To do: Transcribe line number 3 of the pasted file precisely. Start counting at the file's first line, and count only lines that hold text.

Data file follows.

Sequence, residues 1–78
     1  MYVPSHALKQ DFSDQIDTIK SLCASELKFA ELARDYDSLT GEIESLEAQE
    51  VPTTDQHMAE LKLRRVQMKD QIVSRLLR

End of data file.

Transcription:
    51  VPTTDQHMAE LKLRRVQMKD QIVSRLLR